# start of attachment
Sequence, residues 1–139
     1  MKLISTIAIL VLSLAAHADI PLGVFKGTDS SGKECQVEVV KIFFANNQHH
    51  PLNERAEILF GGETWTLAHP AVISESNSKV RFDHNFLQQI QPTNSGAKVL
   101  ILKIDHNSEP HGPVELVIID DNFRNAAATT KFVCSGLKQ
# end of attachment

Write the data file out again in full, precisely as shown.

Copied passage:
Sequence, residues 1–139
     1  MKLISTIAIL VLSLAAHADI PLGVFKGTDS SGKECQVEVV KIFFANNQHH
    51  PLNERAEILF GGETWTLAHP AVISESNSKV RFDHNFLQQI QPTNSGAKVL
   101  ILKIDHNSEP HGPVELVIID DNFRNAAATT KFVCSGLKQ